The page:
The Ambitious Drifter

Words, Images and The Occasional Noise

Mostly Frank – You Need To Know What Home Is Called

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This is another part of my story about Mostly Frank. I’ll be producing a couple of installments  a week. I’ve mentioned Frank a couple of times previously, see below. My travels with Frank are not over yet, so these will be dispatches, rather than chapters. The whole tale will be assembled by forensic experts at some time in the future. 

It turns out that most people call their home planet ‘Earth’ in whatever language they speak. It’s another way of saying ‘the ground I’m standing on’ or more simply ‘here’. This worked well until people began to travel between planets. The question ‘Where are you from?’ could end up in arguments worthy of an Abbott & Costello sketch. Don’t ever attempt the question ‘What do you people call yourselves?’ because the translator will always come back with ‘Us’.

After a lot of confusion and argument, it was decided that the planets should be numbered. You might think there’d be a bit of argy bargy about who was going to be called ‘Number One’…. there was quite a bit of argument in fact. However, it was eventually decided that the home planet of the current Empire should be number one. This decision was made by the Emperor. All the other planets were numbered according to their distance from Number One.

This was done back when wars were still possible. More on that later. Empires did rise and fall back then, but the number system eventually caught on. That was back when Empires were still possible.

The universe is relatively infinite, but the number of planets worth numbering isn’t. Places ended up with a name that looked like a phone number. The names were small enough to write down and the cleverer people could actually remember them.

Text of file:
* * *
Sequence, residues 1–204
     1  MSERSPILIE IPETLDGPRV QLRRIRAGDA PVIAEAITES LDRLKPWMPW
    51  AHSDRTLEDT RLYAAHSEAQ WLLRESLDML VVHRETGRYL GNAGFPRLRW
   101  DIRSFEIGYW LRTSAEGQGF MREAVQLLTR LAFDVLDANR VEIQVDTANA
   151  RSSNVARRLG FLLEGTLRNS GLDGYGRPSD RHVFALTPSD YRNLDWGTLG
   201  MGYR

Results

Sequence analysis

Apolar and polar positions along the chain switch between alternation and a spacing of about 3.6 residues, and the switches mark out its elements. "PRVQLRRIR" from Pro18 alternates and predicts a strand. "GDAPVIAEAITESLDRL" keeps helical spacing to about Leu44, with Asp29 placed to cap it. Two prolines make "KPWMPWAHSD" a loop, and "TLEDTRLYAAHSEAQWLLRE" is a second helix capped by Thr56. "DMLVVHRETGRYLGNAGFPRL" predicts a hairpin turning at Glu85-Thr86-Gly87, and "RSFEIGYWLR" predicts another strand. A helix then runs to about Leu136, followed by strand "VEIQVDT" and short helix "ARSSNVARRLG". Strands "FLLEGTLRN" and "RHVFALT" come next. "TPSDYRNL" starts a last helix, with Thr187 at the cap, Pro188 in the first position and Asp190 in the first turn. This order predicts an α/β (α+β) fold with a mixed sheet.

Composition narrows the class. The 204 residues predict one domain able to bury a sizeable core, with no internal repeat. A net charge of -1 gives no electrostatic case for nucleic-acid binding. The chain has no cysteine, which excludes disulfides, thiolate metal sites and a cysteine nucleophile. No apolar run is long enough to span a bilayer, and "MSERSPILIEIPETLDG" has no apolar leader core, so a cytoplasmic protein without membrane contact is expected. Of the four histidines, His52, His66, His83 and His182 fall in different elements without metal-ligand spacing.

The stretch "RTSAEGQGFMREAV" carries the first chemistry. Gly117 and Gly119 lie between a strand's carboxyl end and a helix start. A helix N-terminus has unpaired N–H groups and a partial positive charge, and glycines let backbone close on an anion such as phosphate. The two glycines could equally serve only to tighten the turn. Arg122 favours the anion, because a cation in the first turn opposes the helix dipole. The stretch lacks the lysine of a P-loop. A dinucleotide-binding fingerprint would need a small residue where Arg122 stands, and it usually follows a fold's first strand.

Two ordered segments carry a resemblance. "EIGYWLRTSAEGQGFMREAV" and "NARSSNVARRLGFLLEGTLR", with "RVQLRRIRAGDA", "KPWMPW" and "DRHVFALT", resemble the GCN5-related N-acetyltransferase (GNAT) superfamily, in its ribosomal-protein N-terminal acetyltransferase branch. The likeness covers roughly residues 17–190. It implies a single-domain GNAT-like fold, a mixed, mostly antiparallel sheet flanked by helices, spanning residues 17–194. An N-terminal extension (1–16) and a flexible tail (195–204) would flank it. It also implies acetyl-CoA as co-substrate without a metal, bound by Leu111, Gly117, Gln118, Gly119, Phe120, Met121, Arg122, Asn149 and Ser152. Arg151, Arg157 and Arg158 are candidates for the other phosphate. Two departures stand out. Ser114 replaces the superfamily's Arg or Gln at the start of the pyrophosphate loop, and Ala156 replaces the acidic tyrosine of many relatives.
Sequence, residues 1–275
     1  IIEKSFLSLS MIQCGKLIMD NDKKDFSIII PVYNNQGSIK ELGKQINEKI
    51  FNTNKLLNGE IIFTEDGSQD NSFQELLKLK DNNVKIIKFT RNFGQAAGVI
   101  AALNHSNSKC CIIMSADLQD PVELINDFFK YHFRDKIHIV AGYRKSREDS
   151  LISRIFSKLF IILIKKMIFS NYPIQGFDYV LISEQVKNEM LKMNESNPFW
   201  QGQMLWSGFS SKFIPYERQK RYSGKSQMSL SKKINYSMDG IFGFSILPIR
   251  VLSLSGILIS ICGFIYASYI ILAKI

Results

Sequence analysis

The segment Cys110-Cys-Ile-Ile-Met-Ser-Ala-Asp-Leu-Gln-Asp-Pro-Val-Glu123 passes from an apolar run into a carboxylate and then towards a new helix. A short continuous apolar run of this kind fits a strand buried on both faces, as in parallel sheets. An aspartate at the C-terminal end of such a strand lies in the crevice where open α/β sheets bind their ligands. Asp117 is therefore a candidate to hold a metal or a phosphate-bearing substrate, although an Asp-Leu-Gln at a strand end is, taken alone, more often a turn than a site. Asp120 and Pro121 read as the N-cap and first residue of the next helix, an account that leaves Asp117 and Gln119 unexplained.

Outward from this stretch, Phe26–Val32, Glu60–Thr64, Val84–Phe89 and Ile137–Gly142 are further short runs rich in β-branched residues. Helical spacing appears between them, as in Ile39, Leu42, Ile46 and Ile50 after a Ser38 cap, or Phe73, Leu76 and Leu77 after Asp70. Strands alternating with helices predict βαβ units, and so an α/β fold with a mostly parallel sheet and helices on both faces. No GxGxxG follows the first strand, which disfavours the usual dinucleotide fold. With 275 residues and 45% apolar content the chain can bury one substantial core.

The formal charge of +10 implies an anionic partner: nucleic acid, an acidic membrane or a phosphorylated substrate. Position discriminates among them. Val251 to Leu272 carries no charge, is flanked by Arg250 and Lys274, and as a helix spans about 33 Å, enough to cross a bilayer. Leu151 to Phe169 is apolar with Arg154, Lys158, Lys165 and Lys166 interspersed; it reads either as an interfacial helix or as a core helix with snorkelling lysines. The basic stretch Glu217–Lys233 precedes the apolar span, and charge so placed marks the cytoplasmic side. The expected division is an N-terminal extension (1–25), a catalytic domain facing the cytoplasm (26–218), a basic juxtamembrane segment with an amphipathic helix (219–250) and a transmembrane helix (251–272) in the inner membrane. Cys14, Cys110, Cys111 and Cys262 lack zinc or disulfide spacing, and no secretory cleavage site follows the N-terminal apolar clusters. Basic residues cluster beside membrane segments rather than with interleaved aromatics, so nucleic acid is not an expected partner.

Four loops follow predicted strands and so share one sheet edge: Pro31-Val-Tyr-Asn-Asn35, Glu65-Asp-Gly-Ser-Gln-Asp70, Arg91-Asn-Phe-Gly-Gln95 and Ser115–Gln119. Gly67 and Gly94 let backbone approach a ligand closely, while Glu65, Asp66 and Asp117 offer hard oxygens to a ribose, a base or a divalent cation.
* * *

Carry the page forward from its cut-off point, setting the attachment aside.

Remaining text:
Solar systems are not terribly crowded, so new outposts could be accommodated easily. The outlying colony of 789456123456 was called 789456123456a, for example. The natives of 789456123456 still called the place ‘Here’ and the new colony was called There’. On 789456123456a the planet 789456123456 was called ‘Home’, but after a century or two had passed it was Here and There, just like Everywhere Else, which was the local name for all the other planets out there.

It was useful for navigation. If you’re trying to go home after a night out on a small planet close by the Horsehead Nebula, words like ‘Home’, ‘Earth’ or ‘There’ are not terribly helpful. It’s much better to have the whole thing written down. As you can imagine, a wrong number could turn out to be expensive.

Newly franchised planets were usually happy to have been assigned a number at last, but tended to cling to their former names for a time. You could tell a newish place because you’d still see something a bit fruity like ‘Thhroggthar’ or ‘Eaardwéig’ printed on their money.

This planet here, where we’re standing, is neither named nor numbered. If pressed, the inhabitants will answer the ‘Where are you from’ question with something unhelpful, like ‘Newtown’, ‘Brussels’ or maybe even ‘Pennant Hills’. I’m quite happy with that myself, but Frank finds it a bit of a puzzle.

The universe is far less complex than you’d imagine. The bits of I’ve seen so far look vaguely familiar. It’s kind of like that thing where most of the aliens on television look like humans with funny bits sticking out of their heads. The aliens who can get Terrestrial TV find this entertaining. Mind you, the nearest relay station is about twenty light years from here, so they’re still waiting for series three of Star Trek TNG.

Frank thinks that the reason our tv shows are popular with the in-crowd beyond the Oort Cloud is because we Know Something. I’m not so sure about that, but I do know that things still happen on this planet. Most of the known universe is pretty impressed by that. Round their way, nothing happens at all.

More Frank

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